Reflections on Data Science Summit 2011

May 13, 2011

(This article was first published on Revolutions, and kindly contributed to R-bloggers)

The Data Science Summit held in Las Vegas this week was outstanding – kudos and thanks to EMC/Greenplum for organizing the event. The energy of 150+ data scientists coupled with a well-curated agenda of talks created a real sense of being at the cusp of a real revolution in the applications of data analysis. Here are just a few of the highlights that stood out for me:

  • The opening keynote from cultural anthropologist and futurist Thornton May, who created a real sense of excitement around the future of Data Science as a discipline. He noted that 35% of Fortune 500 companies are reformulating their strategies on the basis of Big Data and analytics, and as a consequence he hypothesizes that the "hero of the next age" will be the Data Scientist.
  • Tom Do from 23andMe on how even though the costs of genome sequencing are dropping much faster than Moore's Law would predict, we still need much more data to be able to link many diseases to genetic causes. They're doing some incredible things by linking sequence data from many individuals to survey response data, which could lead to better understanding of Parkinson's Disease, for example.
  • JoAnn Kuchera-Morin's video demonstration of the Allosphere, a fully-immersive 3-D environment for exploring data. I was especially intrigued by the concept of "sonification" — converting data into sounds. Combining sonification with visualizaion allows for the exploration of data in more than 3 dimensions simultaneously.
  • Colin Hill of Via Science, who reminded us that while Big Data has enabled many breakthroughs in data science it's not just about the bytes – it's about the flops, as well. The availability of Big Computing — massively parallel, high-performance architectures — is also taking Data Science in new directions.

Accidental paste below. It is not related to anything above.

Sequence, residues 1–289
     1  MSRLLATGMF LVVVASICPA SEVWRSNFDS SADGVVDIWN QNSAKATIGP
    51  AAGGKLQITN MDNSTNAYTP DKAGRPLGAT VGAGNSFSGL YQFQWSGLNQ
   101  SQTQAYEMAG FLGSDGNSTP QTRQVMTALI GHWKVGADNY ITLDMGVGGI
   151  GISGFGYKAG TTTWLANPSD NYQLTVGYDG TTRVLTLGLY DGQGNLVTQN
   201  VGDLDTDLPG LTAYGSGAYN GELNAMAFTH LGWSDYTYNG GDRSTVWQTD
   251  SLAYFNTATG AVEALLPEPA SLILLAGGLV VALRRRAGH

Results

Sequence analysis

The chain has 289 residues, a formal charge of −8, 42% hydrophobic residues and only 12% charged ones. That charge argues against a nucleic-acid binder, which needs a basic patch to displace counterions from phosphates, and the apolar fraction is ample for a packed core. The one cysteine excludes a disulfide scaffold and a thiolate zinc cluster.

• The Data Science DNA panel discussion, where we learned that Roger Magoulas from O'Reilly coined the term "Big Data" in 2005 or thereabouts, and UC Berkeley CS prof Joe Hellerstein said "Everyone is desperate to hire Data Scientists".
  • Learning about the Code for America program from Jen Pahlka and Tim O'Reilly, where they are "building a Geek Army for a new American revolution". If you have data skills and can offer your services for a year (for a small stipend and great sense of civic pride), applications for fellowships are open now.
  • The Major Mashups in Action session – Pete Skomoroch's slides include some useful pointers to data sources and tools.
  • Learning about the winners of the Data Hero Awards.
  • Finally, I was totally blown away by Jonathan Harris's keynote on the theme of bridging data with art and emotion. Jonathan is a programmer, artist and storyteller who has created projects like "We Feel Fine", an "almanac of human emotion" which visualizes feelings taken from blog posts with the phrases "I feel" and "I am feeling". (If you try the app, click on the Montage link in the bottom-left to get a sense of the data – Jonathan showed a slideshow from this section that was truly moving.) All of the talks were outstanding, but this one really opened my eyes to the impact that data science can have on a human level — and the impact that art and design should have on data science in return.

Overall, I think one of the unique things about the Data Scientist Summit was the almalgam it made of people, service, business, culture, technology and art that made for a really special conference. On a personal level, I really enjoyed meeting with the many R users at the conference (many of whom I met in person for the first time), and participating in a lively panel discussion on the data science toolkit (where I made the case that R is an essential element in an ecosystem of tools). Thanks again to the organizers for inviting me, and I hope to attend again next year.

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